After running various classifiers, we find that random forest, gradient boosting, and the ensemble models had the best performance comparatively. This means that if we were to build a larger project, we could focus on these particular classifiers, building upon them to help predict opioid prescribers (given more years of data).
Going further, we evaluate the models with a set of metrics including a precision-recall score. We use precision-recall to help determine the success of the trial. Precision-recall scores represent a balance between high recall and high precision where you have four outcomes: true positive, true negative, false positive, and false negative. The more successful you are, the less false positives and false negatives you have and the more true positives and true negatives you have. The precision-recall score represents this total, and the precision-recall curve helps to visualize it. In the following graph, the y axis is the precision and the x axis is recall. If the graph went straight across the middle, that would be a random-like output or 50% probability. Given this, if the curve fell below that middle line, it would mean poor performance whereas if the curve went above the middle line, it would be a more accurate and a better quality performance. For example, if it were at 100, or all the way to the top, it would be a perfect classifier and if it were at 0, it would be completely inaccurate. Because our classifier is at 0.84 we can feel confident that our precision was of good quality. However, there is room for improvement.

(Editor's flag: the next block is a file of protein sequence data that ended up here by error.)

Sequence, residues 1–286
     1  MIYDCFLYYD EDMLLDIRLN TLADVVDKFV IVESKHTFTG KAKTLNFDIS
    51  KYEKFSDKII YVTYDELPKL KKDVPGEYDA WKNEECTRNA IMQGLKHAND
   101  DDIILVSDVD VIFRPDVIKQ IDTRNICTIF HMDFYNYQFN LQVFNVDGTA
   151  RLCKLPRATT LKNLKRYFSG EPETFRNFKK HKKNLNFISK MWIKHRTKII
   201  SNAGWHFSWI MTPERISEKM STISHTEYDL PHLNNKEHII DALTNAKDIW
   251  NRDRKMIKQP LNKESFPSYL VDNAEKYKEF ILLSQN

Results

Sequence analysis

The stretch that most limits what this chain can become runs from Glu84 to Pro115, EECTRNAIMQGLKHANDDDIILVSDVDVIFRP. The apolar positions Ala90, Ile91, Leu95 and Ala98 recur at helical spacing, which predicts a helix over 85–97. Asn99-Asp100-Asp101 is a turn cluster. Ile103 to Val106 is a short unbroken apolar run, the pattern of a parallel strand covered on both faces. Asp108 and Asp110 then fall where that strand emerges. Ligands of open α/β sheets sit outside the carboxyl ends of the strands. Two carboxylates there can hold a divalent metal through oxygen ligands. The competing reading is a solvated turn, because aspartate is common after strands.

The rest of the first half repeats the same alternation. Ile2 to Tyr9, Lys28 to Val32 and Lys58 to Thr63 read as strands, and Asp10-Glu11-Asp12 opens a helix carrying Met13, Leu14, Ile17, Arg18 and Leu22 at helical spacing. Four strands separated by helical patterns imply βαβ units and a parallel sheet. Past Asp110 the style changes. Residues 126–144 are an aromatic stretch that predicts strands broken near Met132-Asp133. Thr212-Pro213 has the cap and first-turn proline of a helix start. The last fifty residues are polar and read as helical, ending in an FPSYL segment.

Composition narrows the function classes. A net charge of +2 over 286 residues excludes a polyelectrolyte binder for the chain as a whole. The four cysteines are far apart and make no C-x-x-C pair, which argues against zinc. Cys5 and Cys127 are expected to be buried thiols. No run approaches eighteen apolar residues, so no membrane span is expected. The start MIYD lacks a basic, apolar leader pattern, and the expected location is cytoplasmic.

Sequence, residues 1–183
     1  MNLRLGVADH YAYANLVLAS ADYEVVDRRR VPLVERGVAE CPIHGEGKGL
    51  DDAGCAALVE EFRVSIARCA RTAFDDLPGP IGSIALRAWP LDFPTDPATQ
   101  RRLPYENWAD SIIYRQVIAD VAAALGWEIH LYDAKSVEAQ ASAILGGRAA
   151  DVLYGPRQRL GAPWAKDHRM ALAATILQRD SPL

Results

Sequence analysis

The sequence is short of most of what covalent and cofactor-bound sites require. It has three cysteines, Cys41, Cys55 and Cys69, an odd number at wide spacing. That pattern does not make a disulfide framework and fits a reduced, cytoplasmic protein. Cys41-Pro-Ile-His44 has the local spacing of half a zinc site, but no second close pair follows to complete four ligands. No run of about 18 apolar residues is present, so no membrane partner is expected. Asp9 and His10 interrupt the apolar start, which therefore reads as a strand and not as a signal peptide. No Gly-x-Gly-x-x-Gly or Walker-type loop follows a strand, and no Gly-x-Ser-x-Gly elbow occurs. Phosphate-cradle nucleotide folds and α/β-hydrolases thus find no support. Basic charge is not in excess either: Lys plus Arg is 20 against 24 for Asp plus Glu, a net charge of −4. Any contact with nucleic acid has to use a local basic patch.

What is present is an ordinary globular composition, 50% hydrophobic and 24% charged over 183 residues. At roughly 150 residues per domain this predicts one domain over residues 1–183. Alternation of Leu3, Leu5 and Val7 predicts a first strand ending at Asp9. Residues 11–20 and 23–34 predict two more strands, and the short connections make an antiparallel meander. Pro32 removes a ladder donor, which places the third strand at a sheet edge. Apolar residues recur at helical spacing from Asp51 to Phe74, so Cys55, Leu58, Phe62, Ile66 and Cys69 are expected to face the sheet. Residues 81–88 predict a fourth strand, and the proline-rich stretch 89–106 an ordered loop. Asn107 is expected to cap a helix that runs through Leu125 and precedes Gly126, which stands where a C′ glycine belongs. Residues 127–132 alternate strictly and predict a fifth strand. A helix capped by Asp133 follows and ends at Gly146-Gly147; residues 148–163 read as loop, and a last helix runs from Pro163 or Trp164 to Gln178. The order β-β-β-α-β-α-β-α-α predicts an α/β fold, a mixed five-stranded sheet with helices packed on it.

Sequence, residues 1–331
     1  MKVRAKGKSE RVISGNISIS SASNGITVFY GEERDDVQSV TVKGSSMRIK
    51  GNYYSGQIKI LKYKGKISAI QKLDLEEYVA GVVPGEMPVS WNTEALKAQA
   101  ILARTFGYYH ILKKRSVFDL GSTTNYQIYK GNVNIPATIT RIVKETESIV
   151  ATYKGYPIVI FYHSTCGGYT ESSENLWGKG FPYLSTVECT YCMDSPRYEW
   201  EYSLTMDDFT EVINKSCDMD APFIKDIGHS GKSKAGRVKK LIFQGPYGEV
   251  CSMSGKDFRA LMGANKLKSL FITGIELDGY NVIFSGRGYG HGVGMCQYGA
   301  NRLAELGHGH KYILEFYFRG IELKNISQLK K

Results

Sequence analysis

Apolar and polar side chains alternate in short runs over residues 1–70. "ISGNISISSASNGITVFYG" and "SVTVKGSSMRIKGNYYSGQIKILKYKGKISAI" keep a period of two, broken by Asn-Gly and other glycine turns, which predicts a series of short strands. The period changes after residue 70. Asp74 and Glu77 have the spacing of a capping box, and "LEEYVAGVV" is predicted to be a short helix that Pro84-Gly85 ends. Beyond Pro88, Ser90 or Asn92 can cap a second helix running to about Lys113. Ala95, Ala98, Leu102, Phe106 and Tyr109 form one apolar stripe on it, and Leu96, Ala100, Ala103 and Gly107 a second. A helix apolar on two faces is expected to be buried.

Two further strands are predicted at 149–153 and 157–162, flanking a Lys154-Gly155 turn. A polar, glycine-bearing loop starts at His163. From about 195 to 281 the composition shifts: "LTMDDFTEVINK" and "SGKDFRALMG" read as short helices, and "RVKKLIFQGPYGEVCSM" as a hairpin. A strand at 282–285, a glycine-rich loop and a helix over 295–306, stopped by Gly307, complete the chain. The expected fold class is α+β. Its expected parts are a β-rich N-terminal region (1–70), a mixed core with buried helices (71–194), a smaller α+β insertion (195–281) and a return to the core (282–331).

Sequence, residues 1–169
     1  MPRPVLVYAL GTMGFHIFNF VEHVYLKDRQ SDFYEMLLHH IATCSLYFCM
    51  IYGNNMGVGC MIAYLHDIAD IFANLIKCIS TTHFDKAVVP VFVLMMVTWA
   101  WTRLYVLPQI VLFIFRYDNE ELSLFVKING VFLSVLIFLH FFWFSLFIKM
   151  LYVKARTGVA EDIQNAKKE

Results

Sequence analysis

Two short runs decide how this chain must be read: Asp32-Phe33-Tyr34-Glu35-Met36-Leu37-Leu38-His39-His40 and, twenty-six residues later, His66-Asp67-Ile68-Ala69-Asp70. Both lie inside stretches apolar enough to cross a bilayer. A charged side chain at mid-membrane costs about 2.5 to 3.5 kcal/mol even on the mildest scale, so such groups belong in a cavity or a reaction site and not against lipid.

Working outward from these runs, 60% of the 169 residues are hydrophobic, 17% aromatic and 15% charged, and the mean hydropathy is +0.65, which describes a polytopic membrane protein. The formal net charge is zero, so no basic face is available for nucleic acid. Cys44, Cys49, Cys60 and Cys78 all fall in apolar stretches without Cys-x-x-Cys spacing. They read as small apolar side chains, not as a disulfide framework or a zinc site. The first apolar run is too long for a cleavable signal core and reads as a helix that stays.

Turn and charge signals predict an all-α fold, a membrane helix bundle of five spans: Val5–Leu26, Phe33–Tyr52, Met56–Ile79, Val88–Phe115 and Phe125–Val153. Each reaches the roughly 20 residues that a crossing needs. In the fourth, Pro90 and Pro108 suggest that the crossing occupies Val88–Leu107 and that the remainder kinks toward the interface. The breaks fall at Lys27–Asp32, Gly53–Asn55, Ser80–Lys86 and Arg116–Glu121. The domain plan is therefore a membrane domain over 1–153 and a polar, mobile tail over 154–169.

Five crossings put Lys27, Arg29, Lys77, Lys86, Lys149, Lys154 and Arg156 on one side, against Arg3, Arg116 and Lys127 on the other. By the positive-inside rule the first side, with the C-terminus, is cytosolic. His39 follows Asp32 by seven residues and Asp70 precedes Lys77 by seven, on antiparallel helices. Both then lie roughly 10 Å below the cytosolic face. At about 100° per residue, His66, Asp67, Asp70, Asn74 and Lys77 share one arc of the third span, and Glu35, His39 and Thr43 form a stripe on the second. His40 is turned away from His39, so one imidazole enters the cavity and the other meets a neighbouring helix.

With that information, I encourage you to build upon this pattern to help bring awareness to the opioid overdose crisis as well as potentially predicting what is to come. I hope you’ll take the time to check out my code, follow along, build upon it, and beat the score!